Sawyer Brook: Its fabrics come from a wholesaler in NYC that specializes in European textiles.

Mood Fabrics: Online site operates independently from Mood’s two retail stores; excellent source when you’re looking for basics—silks, wools, etc.—in a huge array of shades.

Meg McDonald has been sewing ever since she made a peasant blouse at age 12. She writes about the wonderful fabrics, trims and notions NYC’s Garment District has to offer at Shop the Garment District, an online guide for sewists and crafters. Meg shares her personal adventures in fashion sewing on her blog, Lindsay T Sews, where she readily admits she still has “what was I thinking?” moments when it comes to some of the things she makes.


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    Feb 14, 2018, 02.22 AMby Jo Lincoln

    The Remnant Warehouse ships fabrics online to just about every country in the world. They have a really great blog post with tips for ordering fabric online. Their website is: www.theremanntwarehouse.com

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    Mar 24, 2017, 06.34 AMby Avani Patel

    This is an amazing matelassé brocade from Tahari, such a wonderful quality in that it’s malleable and flexible, it Really helps you decide if this is the right fabric for your needs, right? Plus, It is Highly textured with a beautiful and elegant floral design

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    May 26, 2015, 03.13 PMby Md Razaul Karim

    Thanks for helpful guideline. Would be it help me shopping time.

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    Dec 6, 2014, 04.02 AMby threads80

    http://nyfashioncenterfabrics.com/ ships internationally and has swatches.

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    Aug 9, 2013, 02.28 PMby Elizaofthecraft

    Great post. I usually get my swatches from minerva crafts here in the UK, they’ve got a fantastic selection of dress fabric

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    Jul 5, 2013, 05.56 PMby marytownsend

    Great variety of fabrics at www.organiccottonplus.com plus they’ve just revamped the site, so it’s a lot easier to shop online.

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    Oct 31, 2012, 03.25 PMby FabricStreet

    Our site, http://www.fabricstreet.com also has a great selection. And I think we make it easy to see the texture of the fabric, with big ol’ swatch images :)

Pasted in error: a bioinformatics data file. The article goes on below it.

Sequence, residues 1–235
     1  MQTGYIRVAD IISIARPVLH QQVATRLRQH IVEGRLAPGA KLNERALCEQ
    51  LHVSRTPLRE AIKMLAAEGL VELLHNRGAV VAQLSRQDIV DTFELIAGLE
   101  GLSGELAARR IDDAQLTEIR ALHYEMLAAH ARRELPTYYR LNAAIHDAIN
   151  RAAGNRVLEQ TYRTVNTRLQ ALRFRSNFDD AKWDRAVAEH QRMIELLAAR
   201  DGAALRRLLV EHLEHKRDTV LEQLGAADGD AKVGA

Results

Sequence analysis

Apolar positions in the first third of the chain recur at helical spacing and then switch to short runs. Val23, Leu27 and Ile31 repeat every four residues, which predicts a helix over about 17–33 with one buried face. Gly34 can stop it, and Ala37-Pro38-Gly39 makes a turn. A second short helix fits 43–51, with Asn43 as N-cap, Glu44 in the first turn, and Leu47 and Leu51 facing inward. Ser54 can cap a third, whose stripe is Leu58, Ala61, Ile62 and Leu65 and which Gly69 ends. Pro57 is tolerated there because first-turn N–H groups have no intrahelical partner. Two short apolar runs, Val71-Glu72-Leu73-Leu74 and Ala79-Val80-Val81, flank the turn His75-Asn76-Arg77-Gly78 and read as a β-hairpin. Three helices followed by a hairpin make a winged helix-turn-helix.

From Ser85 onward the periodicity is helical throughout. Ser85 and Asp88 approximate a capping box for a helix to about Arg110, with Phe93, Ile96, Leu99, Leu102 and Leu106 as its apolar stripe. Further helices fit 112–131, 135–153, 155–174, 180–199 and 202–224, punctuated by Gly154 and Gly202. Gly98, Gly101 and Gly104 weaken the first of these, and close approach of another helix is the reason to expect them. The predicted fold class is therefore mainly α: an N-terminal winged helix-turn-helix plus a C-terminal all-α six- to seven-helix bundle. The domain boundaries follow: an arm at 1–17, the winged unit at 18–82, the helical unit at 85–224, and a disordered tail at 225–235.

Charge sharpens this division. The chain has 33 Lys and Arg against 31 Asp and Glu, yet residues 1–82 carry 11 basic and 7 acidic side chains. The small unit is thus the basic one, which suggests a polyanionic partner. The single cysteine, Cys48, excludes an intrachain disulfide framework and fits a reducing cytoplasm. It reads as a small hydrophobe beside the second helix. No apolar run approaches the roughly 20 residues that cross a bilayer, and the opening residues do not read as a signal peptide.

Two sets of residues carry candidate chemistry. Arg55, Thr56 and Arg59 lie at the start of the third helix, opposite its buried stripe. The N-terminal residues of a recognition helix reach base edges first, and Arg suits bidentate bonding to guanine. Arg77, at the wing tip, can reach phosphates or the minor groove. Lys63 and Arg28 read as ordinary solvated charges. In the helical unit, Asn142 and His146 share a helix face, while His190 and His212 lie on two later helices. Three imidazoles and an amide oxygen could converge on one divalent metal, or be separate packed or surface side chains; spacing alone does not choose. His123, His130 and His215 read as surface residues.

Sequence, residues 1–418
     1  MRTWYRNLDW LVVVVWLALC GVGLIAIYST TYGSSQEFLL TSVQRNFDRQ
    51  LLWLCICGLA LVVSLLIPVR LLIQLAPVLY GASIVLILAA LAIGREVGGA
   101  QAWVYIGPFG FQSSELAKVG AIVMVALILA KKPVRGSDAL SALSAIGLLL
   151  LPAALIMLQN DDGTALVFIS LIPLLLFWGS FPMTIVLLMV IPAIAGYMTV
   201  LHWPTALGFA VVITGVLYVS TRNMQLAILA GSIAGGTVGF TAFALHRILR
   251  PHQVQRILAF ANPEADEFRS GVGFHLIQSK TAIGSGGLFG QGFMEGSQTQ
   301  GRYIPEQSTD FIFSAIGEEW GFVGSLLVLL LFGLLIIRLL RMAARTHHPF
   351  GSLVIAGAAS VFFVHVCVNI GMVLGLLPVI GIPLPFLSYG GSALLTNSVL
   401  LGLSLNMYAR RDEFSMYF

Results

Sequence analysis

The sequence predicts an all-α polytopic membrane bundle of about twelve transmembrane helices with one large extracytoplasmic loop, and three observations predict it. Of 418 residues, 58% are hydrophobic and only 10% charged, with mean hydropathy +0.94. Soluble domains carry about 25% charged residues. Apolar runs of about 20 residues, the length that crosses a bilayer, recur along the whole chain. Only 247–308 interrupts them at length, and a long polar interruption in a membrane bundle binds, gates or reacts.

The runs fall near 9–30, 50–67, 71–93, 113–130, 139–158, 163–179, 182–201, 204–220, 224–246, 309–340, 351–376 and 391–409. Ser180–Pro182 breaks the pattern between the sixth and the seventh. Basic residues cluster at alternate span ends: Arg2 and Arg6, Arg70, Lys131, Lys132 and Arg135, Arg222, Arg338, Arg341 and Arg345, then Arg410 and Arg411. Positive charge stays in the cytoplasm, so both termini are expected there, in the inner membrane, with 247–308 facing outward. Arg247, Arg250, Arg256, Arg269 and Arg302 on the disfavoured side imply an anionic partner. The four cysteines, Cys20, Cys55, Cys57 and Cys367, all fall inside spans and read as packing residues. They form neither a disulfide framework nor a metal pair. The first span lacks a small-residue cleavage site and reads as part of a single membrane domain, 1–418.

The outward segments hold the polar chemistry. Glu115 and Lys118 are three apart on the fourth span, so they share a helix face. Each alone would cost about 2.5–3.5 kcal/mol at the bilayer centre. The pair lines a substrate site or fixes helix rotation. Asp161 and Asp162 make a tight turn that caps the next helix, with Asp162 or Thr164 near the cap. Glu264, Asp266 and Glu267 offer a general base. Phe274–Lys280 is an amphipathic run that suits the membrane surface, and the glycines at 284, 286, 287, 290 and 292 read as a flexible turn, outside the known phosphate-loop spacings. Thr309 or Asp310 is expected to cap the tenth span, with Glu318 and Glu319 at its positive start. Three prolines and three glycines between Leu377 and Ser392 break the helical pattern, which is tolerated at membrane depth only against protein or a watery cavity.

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    Jul 28, 2012, 05.20 AMby silkuneed

    Excellent suggestion,it’s really nice post.Now i am going to share this post on my facebook.Silk Fabric

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    Feb 5, 2011, 04.18 PMby SEW-BAKEWELL

    The Cloth Merchants out of Tulsa also have beautiful fabrics, many designer pieces and will send free swatches upon request. You can visit their online store at http://store.theclothmerchants.com/ Great pricing too!

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    Feb 5, 2011, 12.14 AMby eddalind

    This post got me to online fabric shop for the first time. I got a great deal so thank you!

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    Feb 3, 2011, 05.33 PMby littlemisssew

    How about quality,but not crazy expencive lace? I haven’t seen good cotton lace anywhere,and the only things that I found online were either polyester or they costed a small fortune… Anyone got a clue?

    5 Replies
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      Feb 3, 2011, 06.00 PMby gedwoods

      I haven’t ordered from these, but the fabric wiki lists two sites for lace (the list is categorized into fabric specialties as well as by country).

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      Feb 3, 2011, 07.01 PMby littlemisssew

      it’s quite confusing,it gave me bazzillion links,what exactly did you put in the search that it gave you two sites?

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      Feb 4, 2011, 03.08 AMby gedwoods

      What am I missing? Just click the link, and then scan down the page to a subsection called “Specialty Fabrics – Lace”…

    • Alterknits-dress-form_large

      Feb 4, 2011, 12.18 PMby littlemisssew

      now I see it! thank you!
      I didn’t notice there are more devisions when i scroll down^^

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      Oct 10, 2012, 11.24 PMby jenlucas